The greatest excitement of January was the discovery of otter prints in mud beside a small stream. The photo has been shown to two experts (a member of the Environment Agency and a mammalian ecologist), who both confirmed the prints’ identity. There are hundreds of dog footprints all over the Marshes, but they only show four toeprints, usually grouped with the middle two at the front, and the outer two set rather further back. By contrast, some of the prints in the photo show five clear toes and, while the toe imprints are not in a line, the outer ones aren’t set back as far as they would be in a dog. In a good print you can also make out the webbing between the toes.
Otherwise it has been rather a quiet month. In the past two years, flocks of snipe have numbered in the sixties in January; this year just two, seen on January 26th. Was it because it was too mild and the birds hadn’t dispersed so far from their breeding grounds? Then when it turned colder, perhaps the ice cover was preventing them from feeding and they’d gone in search of softer ground. Who knows. The shallow flooding did draw in a few mallard and larger numbers of black-headed gulls – 49 on January 7th and 75 on January 15th. The pair of stonechats observed last year have not been seen again.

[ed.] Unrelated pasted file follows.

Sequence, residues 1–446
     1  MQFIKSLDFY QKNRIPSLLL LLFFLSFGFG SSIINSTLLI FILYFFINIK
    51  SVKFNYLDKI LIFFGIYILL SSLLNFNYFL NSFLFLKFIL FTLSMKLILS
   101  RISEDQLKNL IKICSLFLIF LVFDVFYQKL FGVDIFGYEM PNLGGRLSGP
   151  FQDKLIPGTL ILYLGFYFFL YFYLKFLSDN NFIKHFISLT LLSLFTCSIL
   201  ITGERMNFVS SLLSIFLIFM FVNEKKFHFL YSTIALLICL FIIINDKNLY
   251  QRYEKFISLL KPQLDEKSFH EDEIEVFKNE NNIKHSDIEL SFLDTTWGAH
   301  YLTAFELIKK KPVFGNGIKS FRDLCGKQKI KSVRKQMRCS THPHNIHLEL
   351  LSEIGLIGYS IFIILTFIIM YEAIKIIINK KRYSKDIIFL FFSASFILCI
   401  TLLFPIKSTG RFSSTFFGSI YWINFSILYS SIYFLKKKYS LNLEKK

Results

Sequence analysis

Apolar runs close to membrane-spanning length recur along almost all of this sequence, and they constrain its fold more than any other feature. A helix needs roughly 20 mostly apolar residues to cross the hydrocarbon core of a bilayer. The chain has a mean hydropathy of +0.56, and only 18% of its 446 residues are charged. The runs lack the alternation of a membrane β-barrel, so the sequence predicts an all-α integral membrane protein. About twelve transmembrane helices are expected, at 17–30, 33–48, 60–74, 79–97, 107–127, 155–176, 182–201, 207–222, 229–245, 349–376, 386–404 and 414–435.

On neighbouring Tonford Lake, 18 tufted duck were present on January 26th, along with up to four coot, which have a habit of not colonising the lake until late winter. One or two little egrets are regularly gracing the margins, along with a heron.
Also of interest were six stock doves (usually only two or three are seen together on the old railway embankment), the return of the handsome cock pheasant, and a single greylag goose flying over.